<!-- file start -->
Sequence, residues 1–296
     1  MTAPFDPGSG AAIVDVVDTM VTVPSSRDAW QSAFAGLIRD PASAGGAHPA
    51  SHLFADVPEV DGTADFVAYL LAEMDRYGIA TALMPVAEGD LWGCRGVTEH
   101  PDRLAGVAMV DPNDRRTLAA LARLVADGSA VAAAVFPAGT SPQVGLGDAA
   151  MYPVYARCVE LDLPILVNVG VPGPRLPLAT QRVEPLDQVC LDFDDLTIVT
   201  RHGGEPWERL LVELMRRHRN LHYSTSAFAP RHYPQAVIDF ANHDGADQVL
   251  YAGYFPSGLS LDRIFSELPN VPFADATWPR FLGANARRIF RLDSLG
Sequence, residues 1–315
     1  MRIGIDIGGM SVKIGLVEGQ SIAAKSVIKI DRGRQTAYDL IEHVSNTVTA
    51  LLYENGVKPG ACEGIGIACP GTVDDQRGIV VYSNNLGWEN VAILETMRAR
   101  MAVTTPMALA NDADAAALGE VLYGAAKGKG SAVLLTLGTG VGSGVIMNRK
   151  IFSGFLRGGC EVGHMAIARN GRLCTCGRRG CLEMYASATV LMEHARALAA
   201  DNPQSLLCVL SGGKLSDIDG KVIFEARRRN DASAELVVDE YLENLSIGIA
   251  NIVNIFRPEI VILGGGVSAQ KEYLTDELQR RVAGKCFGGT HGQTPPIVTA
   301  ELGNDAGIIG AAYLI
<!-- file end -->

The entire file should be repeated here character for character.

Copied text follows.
Sequence, residues 1–296
     1  MTAPFDPGSG AAIVDVVDTM VTVPSSRDAW QSAFAGLIRD PASAGGAHPA
    51  SHLFADVPEV DGTADFVAYL LAEMDRYGIA TALMPVAEGD LWGCRGVTEH
   101  PDRLAGVAMV DPNDRRTLAA LARLVADGSA VAAAVFPAGT SPQVGLGDAA
   151  MYPVYARCVE LDLPILVNVG VPGPRLPLAT QRVEPLDQVC LDFDDLTIVT
   201  RHGGEPWERL LVELMRRHRN LHYSTSAFAP RHYPQAVIDF ANHDGADQVL
   251  YAGYFPSGLS LDRIFSELPN VPFADATWPR FLGANARRIF RLDSLG
Sequence, residues 1–315
     1  MRIGIDIGGM SVKIGLVEGQ SIAAKSVIKI DRGRQTAYDL IEHVSNTVTA
    51  LLYENGVKPG ACEGIGIACP GTVDDQRGIV VYSNNLGWEN VAILETMRAR
   101  MAVTTPMALA NDADAAALGE VLYGAAKGKG SAVLLTLGTG VGSGVIMNRK
   151  IFSGFLRGGC EVGHMAIARN GRLCTCGRRG CLEMYASATV LMEHARALAA
   201  DNPQSLLCVL SGGKLSDIDG KVIFEARRRN DASAELVVDE YLENLSIGIA
   251  NIVNIFRPEI VILGGGVSAQ KEYLTDELQR RVAGKCFGGT HGQTPPIVTA
   301  ELGNDAGIIG AAYLI